BOOK REVIEW / The first crack that ruins the Ming: Sin - Josephine Hart: Chatto, pounds 11.99

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The Independent Culture
IN AN attempt to elevate her novel above rock-bottom schlock, Josephine Hart employs several devices to divert and flummox the reader. The first is the Double-Take Metaphor. This is a descriptive image which seems reasonable until a) you start to think about it - 'a high purity that almost festered in the eye' - or b) it is taken to unwise extremes: 'Grief swelled her face as though all the fluids of the body, lymph and blood, were surging in a wave of revolt, crashing against the rocks of bone structure.'

Next is the Irksome Paradox - 'Nothing prepared me for my hungers, which, if not assuaged, would surely devour me' (chew on that) - which goes hand in hand with the Waffling Profundity, a device frequently signalled by the words 'as the saying goes': ' 'If there is love in this heart', as the saying goes, 'then there is love in that heart. For one hand claps not without the other.' ' Or the 'profundity' may be slipped in unannounced to resonate orientally: 'It is the first crack that ruins the Ming.'

But does Hart reveal anything about sin in the book, as promised? She might have, if her narrator Ruth weren't so unconvincing as a force of evil. Ruth's overwhelming obsession is the jealousy she feels towards her adopted sister Elizabeth, a golden girl who she thinks usurped the parental attention and love due to her, the natural child. There are enough riches to go around - grand house, family publishing company, cashmeres and silks - but that is not the point. Ruth is deeply childish and a spoiler. Yet she constantly over-eggs her rhetoric: 'Like Satan before the Fall I came to hate the very nature of goodness, to fear its power.' What she has actually done, at this point, is to pinch Elizabeth's doll and favourite mug. She will graduate to pinching Elizabeth's slips, stockings and eventually her husband Charles, but after such dire portents one is primed for a bloodbath or worse.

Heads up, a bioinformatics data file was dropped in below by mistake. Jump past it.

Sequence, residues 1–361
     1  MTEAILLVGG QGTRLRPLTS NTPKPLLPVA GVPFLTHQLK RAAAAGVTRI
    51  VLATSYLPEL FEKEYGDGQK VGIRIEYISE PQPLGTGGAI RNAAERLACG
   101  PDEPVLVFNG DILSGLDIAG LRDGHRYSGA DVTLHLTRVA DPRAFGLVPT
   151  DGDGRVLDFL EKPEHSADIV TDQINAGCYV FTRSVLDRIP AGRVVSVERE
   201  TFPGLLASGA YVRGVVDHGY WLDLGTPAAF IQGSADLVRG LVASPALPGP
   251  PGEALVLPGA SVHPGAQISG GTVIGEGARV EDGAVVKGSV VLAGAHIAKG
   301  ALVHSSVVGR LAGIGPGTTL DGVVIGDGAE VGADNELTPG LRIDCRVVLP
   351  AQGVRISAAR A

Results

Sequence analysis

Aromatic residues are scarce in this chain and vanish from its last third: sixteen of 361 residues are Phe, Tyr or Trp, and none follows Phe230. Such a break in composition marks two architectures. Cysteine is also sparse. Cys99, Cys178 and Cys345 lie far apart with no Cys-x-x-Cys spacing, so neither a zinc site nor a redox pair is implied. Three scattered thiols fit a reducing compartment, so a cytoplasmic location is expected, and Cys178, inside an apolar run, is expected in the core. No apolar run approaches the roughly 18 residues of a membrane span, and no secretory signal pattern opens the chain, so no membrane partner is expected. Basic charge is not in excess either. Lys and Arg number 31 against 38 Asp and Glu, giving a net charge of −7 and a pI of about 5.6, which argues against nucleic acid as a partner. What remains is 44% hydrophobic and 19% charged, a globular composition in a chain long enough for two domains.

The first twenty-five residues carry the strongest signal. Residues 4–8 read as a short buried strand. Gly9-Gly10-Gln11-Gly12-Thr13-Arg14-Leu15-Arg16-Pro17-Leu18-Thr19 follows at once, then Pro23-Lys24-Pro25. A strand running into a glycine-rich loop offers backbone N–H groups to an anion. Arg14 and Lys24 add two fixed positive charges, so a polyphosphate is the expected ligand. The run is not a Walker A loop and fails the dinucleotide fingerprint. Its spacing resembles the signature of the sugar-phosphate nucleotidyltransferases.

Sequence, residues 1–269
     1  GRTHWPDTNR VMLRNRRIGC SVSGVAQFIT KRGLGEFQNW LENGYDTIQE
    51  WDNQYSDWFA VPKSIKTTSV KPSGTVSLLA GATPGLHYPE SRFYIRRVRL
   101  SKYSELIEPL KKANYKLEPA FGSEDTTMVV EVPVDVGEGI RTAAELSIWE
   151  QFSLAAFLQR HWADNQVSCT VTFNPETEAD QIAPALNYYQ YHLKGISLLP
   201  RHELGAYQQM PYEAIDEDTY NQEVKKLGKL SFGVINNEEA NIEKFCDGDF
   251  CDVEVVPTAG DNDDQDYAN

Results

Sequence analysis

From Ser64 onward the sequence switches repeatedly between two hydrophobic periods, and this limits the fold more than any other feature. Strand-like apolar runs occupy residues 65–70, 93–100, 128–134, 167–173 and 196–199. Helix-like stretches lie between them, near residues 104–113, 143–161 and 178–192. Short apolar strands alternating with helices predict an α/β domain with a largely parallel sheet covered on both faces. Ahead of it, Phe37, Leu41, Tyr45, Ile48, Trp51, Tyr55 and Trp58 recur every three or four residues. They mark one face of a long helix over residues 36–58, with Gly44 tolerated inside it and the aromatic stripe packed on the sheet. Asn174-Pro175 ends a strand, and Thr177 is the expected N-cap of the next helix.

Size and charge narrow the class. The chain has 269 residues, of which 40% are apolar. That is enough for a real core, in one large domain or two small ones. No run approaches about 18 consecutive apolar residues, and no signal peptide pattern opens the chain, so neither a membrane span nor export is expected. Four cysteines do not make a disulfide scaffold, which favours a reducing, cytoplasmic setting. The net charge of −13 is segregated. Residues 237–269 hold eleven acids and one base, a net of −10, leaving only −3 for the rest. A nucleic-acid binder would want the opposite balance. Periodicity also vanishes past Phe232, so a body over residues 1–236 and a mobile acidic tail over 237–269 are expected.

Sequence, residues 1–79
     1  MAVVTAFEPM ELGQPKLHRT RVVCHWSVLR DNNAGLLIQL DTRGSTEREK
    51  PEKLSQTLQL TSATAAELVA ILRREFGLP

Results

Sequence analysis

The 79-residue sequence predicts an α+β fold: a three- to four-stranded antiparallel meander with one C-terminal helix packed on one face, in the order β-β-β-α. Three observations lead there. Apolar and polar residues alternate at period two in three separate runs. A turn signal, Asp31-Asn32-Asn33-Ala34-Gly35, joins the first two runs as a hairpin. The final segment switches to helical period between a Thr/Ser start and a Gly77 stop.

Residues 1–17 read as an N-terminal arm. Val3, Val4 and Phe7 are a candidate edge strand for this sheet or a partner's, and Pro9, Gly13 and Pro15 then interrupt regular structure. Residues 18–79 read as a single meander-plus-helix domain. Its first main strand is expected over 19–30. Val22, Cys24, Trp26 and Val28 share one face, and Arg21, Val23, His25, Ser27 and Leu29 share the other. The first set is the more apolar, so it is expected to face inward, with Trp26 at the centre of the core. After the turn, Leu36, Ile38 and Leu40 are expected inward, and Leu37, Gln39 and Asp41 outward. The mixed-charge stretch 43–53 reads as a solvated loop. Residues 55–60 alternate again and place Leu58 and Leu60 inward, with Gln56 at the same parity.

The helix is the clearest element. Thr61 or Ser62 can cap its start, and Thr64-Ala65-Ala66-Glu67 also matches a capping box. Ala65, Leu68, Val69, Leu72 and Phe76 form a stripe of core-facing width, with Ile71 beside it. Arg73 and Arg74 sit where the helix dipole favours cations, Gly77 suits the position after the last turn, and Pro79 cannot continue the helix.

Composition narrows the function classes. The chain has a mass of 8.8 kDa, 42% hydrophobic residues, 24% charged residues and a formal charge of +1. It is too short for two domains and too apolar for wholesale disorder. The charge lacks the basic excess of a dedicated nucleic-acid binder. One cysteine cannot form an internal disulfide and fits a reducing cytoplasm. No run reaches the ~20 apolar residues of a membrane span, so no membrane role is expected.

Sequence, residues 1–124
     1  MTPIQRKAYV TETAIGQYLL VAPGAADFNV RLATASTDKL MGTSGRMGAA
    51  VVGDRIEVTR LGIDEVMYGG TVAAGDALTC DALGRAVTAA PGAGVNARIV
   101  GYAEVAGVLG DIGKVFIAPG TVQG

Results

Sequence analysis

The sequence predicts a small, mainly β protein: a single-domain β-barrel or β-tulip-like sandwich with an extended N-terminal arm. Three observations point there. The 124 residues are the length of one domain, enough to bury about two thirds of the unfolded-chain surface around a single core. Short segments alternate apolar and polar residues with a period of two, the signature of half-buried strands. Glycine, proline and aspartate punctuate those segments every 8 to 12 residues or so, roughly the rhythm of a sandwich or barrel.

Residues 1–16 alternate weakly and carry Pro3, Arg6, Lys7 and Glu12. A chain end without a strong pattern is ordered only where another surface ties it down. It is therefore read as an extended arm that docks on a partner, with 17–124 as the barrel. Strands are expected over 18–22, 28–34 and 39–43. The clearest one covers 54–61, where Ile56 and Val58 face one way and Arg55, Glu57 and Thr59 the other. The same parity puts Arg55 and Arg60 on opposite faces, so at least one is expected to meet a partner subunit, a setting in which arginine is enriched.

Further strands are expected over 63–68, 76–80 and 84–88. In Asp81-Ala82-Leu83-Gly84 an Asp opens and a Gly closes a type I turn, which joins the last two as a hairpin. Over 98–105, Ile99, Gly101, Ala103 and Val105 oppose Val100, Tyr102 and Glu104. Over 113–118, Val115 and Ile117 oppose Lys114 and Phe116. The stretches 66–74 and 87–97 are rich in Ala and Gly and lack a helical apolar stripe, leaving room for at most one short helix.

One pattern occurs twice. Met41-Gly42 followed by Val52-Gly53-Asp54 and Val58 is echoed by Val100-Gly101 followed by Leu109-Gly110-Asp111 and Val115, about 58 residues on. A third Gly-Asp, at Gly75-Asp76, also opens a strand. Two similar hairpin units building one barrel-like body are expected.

Although Ruth keeps telling us she is 'truly beautiful', a lush brunette with winged eyebrows, the image that thrusts itself forward is of some wired-up pre-teen with hands on hips, stamping her foot as she insists: 'I was a spiritual, malevolent creature.' Sure you were, lovey.

And the sin? After some mutual backscratching with Elizabeth's stiletto, Ruth is said to be 'trailing Charles in his terror and delight towards the hidden face in the rock which unknowingly he had begun to carve'. Gosh. Elsewhere, Ruth tells Charles 'I rage for you' and then tells us: 'The fire jumped suddenly between us. He was engulfed.' And that, O prurient reader, is your lot.

I'll give her this: Josephine Hart doesn't often resort to a bona fide cliche. She makes up her own. Perhaps this is what Sam Goldwyn was after when he said 'Let's have some new cliches.'

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